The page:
1, The University of California, Santa Barbara, Santa Barbara, California, United States
Degenerately doped metal oxide nanocrystals demonstrate a tunable localized surface plasmon resonance (LSPR) that can be integrated into a diverse range of optoelectronic applications. The energy and intensity of LSPR absorption can shift dramatically with defect composition, geometry and induced charge, allowing for dynamic modulation and application-specific spectral profiles. Anatase TiO2 has recently been explored as a plasmonic metal oxide, following observation of an infrared (IR) LSPR feature in niobium-doped anatase nanocrystals (de Trizio et al, Chem. Mater., 2013). The energy and intensity of this IR LSPR feature in TiO2 can be modulated by changing the free electron concentration with electrochemical charging in thin films (Dahlman et al, J. Am. Chem. Soc., 2015). However, the low energy and broad peak profile of LSPR in Nb-doped TiO2 nanocrystals contrasts with the material’s high electronic conductivity as a film, which is comparable to standard transparent conductive oxides such as tin-doped indium oxide. This talk will investigate the LSPR of charged and Nb-doped anatase TiO2 nanocrystals by ex situ infrared spectroscopy, and extract free carrier properties from simulated optical spectra.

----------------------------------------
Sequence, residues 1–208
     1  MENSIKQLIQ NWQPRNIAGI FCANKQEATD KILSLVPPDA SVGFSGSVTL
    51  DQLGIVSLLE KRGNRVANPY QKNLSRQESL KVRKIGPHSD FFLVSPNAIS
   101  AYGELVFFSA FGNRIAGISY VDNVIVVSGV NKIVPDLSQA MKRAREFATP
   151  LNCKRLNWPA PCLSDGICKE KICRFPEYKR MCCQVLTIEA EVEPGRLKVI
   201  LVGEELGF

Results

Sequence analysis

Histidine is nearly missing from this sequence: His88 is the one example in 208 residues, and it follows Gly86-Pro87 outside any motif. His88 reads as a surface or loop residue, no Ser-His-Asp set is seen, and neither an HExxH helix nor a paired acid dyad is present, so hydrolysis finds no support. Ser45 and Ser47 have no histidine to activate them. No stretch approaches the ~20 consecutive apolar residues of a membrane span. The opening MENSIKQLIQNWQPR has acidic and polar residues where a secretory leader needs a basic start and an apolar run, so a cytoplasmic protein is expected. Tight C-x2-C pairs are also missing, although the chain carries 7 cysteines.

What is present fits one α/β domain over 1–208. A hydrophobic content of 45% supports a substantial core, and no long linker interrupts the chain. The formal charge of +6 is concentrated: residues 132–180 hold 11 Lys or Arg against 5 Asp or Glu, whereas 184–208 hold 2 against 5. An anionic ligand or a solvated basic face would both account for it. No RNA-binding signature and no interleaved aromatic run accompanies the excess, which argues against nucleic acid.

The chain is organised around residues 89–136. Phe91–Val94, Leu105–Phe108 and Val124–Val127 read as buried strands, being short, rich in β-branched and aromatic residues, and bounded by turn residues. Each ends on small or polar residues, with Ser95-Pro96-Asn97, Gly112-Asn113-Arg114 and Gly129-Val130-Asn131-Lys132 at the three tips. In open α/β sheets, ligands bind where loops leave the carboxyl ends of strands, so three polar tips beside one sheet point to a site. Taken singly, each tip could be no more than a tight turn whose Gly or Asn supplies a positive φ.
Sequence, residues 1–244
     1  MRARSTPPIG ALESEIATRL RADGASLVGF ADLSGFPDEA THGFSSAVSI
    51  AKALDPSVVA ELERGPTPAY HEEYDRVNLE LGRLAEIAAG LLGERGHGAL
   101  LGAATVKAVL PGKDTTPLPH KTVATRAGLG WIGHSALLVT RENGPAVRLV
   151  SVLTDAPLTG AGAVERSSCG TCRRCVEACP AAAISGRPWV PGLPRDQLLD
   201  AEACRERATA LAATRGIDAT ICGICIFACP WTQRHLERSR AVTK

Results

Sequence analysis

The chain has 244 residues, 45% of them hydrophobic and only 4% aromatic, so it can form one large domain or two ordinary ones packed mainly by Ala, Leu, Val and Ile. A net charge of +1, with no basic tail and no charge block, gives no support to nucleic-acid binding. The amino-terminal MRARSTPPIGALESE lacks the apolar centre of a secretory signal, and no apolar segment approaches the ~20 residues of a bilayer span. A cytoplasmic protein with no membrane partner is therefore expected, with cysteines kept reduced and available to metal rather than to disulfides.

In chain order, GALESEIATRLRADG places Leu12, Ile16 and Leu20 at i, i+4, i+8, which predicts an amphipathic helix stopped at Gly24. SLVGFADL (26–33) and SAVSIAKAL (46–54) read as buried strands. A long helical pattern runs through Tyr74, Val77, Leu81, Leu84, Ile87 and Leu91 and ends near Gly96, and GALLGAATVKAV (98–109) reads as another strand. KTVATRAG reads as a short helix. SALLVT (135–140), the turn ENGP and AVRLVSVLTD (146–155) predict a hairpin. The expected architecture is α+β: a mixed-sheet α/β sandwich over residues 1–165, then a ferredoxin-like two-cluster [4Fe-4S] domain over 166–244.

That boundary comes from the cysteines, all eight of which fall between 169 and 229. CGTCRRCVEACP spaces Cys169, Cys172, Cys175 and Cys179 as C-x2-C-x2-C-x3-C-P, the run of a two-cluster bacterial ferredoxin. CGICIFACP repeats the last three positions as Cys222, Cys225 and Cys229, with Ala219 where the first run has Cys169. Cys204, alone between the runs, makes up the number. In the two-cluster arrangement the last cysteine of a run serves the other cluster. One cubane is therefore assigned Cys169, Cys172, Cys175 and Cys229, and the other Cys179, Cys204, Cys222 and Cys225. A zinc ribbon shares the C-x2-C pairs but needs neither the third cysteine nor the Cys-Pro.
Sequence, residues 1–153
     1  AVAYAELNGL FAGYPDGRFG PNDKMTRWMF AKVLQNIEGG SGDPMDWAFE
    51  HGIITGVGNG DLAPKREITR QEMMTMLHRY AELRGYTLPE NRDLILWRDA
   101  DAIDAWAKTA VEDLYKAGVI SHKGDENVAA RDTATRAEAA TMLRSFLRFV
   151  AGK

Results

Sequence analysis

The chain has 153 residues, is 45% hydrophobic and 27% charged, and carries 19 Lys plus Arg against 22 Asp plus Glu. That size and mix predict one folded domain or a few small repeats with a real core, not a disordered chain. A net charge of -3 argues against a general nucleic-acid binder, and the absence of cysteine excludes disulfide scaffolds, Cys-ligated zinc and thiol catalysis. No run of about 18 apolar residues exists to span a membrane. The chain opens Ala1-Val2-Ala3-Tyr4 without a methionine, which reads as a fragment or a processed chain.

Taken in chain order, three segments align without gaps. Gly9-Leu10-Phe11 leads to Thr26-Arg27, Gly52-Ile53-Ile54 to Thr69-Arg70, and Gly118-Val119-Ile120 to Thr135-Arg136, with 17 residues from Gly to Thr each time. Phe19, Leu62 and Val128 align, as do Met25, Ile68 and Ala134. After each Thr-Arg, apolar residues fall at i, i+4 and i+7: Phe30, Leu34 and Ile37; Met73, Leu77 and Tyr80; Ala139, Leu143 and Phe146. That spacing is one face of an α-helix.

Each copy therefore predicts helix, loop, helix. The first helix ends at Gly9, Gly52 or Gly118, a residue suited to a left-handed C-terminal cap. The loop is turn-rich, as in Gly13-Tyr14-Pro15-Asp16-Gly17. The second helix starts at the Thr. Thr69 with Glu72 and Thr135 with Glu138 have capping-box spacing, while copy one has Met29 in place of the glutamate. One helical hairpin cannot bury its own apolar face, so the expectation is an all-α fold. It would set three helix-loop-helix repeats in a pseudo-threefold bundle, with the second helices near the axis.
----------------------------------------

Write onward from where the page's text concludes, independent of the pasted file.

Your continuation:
Electronic properties of metal oxide plasmonics can be difficult to investigate for materials with LSPR energies in the mid-IR, because a different set of detectors, solvents and substrates must be used for IR transmittance or reflectance measurements. The concentration and scattering rates of free carriers in unbiased nanocrystals in solution are extracted from fits of FTIR transmittance spectra using the Drude model of carrier transport and Mie approximation of LSPR. The optical conductivity of Nb-doped TiO2 nanocrystals is found to be significantly lower than the electronic conductivity in similar Nb-doped thin films, suggesting that anisotropic carrier transport in TiO2 diminishes its optical response. Electrochemically-induced free carrier properties are explored through FTIR transmittance spectra of ex situ charged thin films of TiO2 nanocrystals. The optical transmittance of charged films is fitted to a layered optical model and compared for different charging potentials and capacities. Electrochemical reduction is found to induce greater variations in carrier concentration than synthetic doping alone, and demonstrates different scattering behavior. The role of interparticle coupling and effective medium effects in films are explored as explanations for the divergent behavior of charged and unbiased nanocrystals. These measurements reveal the different behavior of synthetic and charging-induced free carriers in plasmonic metal oxides, and provide a robust strategy for investigating electronic properties in semiconductor nanocrystals by IR optical measurements.